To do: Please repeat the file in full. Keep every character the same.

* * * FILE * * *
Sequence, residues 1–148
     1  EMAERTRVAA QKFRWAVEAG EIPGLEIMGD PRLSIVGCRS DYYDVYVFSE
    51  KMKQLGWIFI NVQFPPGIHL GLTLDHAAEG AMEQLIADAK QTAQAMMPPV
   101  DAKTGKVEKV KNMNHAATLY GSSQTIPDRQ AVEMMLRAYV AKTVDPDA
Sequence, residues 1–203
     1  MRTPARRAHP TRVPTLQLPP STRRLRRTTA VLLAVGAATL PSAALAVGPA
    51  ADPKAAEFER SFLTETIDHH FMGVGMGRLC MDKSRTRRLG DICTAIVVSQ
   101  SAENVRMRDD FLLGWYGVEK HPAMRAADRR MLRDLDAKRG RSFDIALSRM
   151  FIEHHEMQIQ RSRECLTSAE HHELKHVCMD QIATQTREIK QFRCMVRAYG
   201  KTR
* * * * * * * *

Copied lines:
Sequence, residues 1–148
     1  EMAERTRVAA QKFRWAVEAG EIPGLEIMGD PRLSIVGCRS DYYDVYVFSE
    51  KMKQLGWIFI NVQFPPGIHL GLTLDHAAEG AMEQLIADAK QTAQAMMPPV
   101  DAKTGKVEKV KNMNHAATLY GSSQTIPDRQ AVEMMLRAYV AKTVDPDA
Sequence, residues 1–203
     1  MRTPARRAHP TRVPTLQLPP STRRLRRTTA VLLAVGAATL PSAALAVGPA
    51  ADPKAAEFER SFLTETIDHH FMGVGMGRLC MDKSRTRRLG DICTAIVVSQ
   101  SAENVRMRDD FLLGWYGVEK HPAMRAADRR MLRDLDAKRG RSFDIALSRM
   151  FIEHHEMQIQ RSRECLTSAE HHELKHVCMD QIATQTREIK QFRCMVRAYG
   201  KTR